As predicted, the Federal Reserve has just raised its benchmark Federal Funds rate, upping its target range by another 0.25 percent (25 basis points) and signaling expectations for two more quarter-point increases in 2018, three in 2019 and another two in 2020.

The Fed dropped the benchmark rate five (5) percentage points between August of 2007 and the end of 2008, a move which helped drive mortgage rates down to an all-time low of 3.31 percent in 2012. The Fed has since raised its target by a total of 1.50 percent.

Following the Fed’s announcement today, the yield on 10-year Treasury notes, which drives the 30-year mortgage rate, jumped but has since settled back to around where it started the day. As of last week, the average rate for a 30-year mortgage was running around 4.44 percent and nearing a 5-year high with the probability of a rate hike this week already priced-in.

Comments from Plugged-In Readers

  1. Posted by Amewsed

    That will have an impact on home buyers with a need to finance, and the Bay Area’s high home prices.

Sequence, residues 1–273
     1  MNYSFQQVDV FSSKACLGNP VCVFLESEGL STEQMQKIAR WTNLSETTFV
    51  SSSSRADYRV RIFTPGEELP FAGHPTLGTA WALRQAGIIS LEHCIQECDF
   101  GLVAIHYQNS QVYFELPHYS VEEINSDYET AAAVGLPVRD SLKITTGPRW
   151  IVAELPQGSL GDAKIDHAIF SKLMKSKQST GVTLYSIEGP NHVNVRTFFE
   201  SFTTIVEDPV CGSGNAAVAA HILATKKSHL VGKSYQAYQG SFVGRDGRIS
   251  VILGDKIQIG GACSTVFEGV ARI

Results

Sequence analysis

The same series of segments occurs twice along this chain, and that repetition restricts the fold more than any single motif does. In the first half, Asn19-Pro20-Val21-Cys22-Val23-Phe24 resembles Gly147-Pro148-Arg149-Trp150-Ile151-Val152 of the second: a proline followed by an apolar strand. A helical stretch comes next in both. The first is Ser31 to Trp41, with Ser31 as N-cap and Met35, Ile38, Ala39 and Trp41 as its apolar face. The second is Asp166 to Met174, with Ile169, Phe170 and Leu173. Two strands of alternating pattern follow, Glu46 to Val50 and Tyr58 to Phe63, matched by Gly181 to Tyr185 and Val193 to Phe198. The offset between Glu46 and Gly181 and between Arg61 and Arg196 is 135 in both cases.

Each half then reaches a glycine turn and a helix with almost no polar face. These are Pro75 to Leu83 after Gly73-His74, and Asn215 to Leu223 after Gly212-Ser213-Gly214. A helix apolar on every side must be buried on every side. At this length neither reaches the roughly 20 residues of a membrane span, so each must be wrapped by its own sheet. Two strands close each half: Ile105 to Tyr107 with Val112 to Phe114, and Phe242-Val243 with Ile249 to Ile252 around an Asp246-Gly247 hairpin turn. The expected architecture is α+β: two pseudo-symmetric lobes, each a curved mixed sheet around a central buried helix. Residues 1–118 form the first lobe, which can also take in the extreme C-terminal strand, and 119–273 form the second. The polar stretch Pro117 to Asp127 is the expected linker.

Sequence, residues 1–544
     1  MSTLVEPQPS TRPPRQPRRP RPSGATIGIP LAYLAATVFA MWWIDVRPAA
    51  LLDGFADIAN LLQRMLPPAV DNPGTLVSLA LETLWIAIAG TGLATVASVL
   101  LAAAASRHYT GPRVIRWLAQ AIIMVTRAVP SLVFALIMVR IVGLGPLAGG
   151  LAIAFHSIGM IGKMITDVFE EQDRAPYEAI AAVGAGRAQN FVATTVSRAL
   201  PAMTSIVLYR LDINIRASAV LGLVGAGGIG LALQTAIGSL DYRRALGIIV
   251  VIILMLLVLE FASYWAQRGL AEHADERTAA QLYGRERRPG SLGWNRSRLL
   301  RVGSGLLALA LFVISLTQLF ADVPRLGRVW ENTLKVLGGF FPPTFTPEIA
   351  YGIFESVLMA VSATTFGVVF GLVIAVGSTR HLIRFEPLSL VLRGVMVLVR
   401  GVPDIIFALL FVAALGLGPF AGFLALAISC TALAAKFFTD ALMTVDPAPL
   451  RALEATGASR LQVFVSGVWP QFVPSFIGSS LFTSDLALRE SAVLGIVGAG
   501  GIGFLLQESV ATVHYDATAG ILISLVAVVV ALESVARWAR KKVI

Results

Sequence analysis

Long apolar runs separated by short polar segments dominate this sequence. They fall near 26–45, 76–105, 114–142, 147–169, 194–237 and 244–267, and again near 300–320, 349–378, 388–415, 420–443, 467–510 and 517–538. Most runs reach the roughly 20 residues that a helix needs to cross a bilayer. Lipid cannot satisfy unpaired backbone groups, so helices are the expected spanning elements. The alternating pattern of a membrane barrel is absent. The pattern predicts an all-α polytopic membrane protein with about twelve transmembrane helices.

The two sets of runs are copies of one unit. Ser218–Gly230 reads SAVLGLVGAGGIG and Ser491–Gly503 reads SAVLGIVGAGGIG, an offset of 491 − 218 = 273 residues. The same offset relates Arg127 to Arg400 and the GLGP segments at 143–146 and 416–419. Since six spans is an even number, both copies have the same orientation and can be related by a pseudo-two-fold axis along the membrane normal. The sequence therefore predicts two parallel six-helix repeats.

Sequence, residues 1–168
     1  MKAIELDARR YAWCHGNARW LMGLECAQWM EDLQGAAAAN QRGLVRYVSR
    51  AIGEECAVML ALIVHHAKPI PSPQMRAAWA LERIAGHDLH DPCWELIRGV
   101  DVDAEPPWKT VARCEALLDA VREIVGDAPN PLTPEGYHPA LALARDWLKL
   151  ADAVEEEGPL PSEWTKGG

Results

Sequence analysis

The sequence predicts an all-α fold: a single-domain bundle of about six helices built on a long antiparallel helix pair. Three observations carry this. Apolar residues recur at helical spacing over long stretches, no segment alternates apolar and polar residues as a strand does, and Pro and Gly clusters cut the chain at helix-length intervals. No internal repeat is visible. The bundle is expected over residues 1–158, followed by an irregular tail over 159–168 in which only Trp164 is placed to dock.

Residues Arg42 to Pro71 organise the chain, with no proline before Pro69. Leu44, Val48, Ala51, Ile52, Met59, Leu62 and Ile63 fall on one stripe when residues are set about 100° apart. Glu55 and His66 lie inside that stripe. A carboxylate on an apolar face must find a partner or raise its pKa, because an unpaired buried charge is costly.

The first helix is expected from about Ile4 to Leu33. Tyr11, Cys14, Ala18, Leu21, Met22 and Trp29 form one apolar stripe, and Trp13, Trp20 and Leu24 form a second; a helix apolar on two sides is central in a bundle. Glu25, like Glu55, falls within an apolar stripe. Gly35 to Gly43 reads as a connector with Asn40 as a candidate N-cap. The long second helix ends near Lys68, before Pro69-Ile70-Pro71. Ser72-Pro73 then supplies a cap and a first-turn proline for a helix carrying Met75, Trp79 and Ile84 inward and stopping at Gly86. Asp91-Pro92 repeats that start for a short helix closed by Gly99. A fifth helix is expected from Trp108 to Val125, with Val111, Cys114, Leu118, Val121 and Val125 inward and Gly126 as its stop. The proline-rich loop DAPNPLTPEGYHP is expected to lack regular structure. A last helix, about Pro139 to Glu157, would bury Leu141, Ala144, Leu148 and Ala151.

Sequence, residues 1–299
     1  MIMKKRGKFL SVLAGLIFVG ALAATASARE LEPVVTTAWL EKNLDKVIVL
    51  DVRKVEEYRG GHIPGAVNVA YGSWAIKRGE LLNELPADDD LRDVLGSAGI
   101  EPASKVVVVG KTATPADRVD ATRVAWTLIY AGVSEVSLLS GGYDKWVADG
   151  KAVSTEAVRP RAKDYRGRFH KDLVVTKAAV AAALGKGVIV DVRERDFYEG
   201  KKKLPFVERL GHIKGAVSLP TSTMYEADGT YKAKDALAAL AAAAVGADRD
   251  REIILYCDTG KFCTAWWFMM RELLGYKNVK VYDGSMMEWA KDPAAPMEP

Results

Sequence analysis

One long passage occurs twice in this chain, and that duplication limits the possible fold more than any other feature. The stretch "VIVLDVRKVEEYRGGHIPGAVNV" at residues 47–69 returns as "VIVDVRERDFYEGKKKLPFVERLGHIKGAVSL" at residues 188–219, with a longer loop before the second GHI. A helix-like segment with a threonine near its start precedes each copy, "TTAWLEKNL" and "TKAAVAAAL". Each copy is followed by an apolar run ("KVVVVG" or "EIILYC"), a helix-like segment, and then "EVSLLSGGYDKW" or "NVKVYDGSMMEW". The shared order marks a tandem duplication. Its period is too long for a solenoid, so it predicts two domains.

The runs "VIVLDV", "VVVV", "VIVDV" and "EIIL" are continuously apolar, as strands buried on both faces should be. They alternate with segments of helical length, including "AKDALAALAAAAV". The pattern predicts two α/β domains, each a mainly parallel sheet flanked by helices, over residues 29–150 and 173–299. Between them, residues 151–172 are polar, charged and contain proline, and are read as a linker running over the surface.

Best remedy: eliminate the bureaucratic red tape driving up time and costs of doing business. Eliminate the power plays local politicians and activists used to stifle development.

    • Posted by Pablito

      Absolutely. The ridiculous local bureaucracy adds far more to the cost of a project than the interest rate uptick. Of course – the entrenched ‘progressive’ forces only want to drive prices higher so its not likely to happen until the city voters vote for smarter politicians….

  2. Posted by Anon123

    LIBOR rates going up as well, which impacts many construction and business loans and will likely put the breaks on some projects.

    • Posted by Amewsed

      Yes, construction loans have short term variable interest rates so any 1-2 year delays will have a significant negative impact on the development. Same with any publicly traded companies with high debt loads.

  3. Posted by Sabbie

    Yeah right, we’ll get more QE before we get more seven more rate hikes.

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